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Poinsettia: An import from Mexico that can't shake a bad reputation

Media contact:

Debbie Johnson
Writer
University of Missouri Extension
Phone: 573-882-9183
Email: JohnsonD@missouri.edu

Photo available for this release:

The showy parts of this plant are specialized leaves called bracts. The true flowers, called cyathia, are located at the center of the plant.

Credit: Photo by Scott Bauer with the USDA. The photo is in the public domain

Description: Poinsettias

Published: Thursday, Dec. 19, 2013

Story source:

David H. Trinklein, 573-882-9631

Related radio feature produced by Debbie Johnson. For downloadable broadcast-quality audio, contact Johnson at 573-882-9183.

COLUMBIA, Mo. – The poinsettia is the most popular flowering holiday plant in the U.S. Today you can buy poinsettia in a wide variety of colors, including traditional red, white, pink, burgundy, marbled and speckled. However, this brightly colored plant wasn’t originally associated with the holidays.

“The poinsettia was first introduced to the United States as a flowering shrub,” said David Trinklein, horticulture specialist for University of Missouri Extension. Joel Poinsett, the first U.S. ambassador to Mexico, brought the plant to his home state of South Carolina in the 1820s. “For many years it remained as a flowering shrub similar to a lilac or a forsythia.”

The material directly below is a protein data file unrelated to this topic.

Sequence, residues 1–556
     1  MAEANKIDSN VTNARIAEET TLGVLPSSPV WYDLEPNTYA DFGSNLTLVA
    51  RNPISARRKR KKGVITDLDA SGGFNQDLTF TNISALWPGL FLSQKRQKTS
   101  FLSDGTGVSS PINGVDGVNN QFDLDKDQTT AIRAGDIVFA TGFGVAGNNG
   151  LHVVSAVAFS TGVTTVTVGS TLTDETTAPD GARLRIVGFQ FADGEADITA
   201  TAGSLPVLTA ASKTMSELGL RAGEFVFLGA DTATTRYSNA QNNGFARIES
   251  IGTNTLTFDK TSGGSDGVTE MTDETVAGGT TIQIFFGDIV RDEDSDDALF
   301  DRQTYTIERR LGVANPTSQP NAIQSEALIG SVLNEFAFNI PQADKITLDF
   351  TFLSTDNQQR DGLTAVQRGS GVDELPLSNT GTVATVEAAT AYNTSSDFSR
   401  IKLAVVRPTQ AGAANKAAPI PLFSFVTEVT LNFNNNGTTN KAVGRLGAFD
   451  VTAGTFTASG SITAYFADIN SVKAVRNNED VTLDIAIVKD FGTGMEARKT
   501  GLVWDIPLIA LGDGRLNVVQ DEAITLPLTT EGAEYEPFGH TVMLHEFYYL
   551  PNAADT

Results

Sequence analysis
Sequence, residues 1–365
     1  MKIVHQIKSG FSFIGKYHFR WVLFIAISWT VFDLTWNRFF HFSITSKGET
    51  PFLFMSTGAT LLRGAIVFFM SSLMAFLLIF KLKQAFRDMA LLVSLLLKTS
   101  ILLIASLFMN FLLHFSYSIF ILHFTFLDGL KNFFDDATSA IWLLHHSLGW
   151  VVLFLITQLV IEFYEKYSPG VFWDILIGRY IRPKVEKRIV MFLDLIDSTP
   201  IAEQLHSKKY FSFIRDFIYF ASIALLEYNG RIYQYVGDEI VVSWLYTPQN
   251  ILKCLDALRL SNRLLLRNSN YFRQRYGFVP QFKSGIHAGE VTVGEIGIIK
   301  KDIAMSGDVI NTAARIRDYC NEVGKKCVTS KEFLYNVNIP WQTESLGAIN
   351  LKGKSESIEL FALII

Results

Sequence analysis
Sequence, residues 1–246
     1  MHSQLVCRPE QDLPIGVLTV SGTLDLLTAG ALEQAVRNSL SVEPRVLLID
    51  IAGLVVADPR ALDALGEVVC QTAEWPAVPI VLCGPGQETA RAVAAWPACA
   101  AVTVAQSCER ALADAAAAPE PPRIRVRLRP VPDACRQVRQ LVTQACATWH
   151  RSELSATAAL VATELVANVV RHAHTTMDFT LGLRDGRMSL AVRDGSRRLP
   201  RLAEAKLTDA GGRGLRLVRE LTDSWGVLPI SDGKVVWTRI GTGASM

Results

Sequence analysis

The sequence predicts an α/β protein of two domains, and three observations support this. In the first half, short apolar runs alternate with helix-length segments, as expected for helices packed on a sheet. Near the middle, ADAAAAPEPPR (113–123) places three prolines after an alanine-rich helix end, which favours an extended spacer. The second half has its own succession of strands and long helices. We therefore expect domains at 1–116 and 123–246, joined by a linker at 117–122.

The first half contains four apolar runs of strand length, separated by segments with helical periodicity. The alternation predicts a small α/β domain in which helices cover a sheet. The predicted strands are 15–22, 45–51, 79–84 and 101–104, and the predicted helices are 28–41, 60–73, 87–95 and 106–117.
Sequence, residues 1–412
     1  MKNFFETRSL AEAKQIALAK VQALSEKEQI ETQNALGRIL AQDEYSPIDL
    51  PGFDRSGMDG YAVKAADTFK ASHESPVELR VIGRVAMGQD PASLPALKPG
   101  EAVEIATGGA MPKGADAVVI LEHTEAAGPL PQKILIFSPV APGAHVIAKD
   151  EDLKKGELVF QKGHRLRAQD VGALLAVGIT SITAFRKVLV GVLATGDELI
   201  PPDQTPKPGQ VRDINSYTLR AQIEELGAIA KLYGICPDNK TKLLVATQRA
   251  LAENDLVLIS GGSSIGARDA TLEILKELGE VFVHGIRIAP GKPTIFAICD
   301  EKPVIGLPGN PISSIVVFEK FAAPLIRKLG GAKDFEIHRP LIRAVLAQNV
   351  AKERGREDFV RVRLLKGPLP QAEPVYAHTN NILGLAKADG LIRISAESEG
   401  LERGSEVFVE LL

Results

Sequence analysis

In the early 1900s, Albert Ecke, a member of the Ecke Ranch family, fell in love with the poinsettia. It was sold primarily as a cut flower until Ecke had an idea.

“Ecke developed it into a potted plant and marketed it as a holiday plant,” Trinklein said. “Today it is the No. 1 selling potted plant in all of the United States.”

The poinsettia suffered severe damage to its reputation because of an unfounded story that an Army officer's 2-year-old child died in 1919 after eating a poinsettia leaf. That myth has hung on tenaciously.

In the 1970s, the Society of American Florists commissioned researchers at Ohio State University to study the toxicity of the poinsettia. “They fed poinsettia leaves to lab rats,” Trinklein said. Rats fed a dosage equivalent to 500 leaves eaten by a 50-pound child showed no symptoms. “They gave poinsettia a clean bill of health,” he said.

While it’s not toxic, the poinsettia is not an edible plant, Trinklein said. As with many houseplants, you shouldn’t let children or pets eat the leaves if you want to avoid upset tummies.

With the poison myth neutralized, you can bring home as many of these colorful holiday plants as you wish. To purchase plants that will look good throughout the holidays, Trinklein recommends choosing young plants.

A young plant will have most of the true flowers, called cyathia, and many of those will not have opened yet, he said. The true flowers are the small yellow structures in the center of the brightly colored leaves. That’s right: The part we find most attractive about the poinsettia isn’t a flower. What look like petals are specialized, colorful leaves called bracts.

After the holidays, when the bracts begin to fall off, you might contemplate trying to get the poinsettia to re-bloom, Trinklein said.

“Because they are a short-day, long-night plant, this can be very involved,” he said. “Beginning in September the following year, you have to give them at least 12 hours of uninterrupted darkness followed by 12 hours of light for six to eight weeks until color starts to develop.”

Trinklein encourages those with green thumbs to take the re-bloom challenge at least once to prove they can do it. But for the rest, sit back and enjoy this festive plant. There will be more available next year.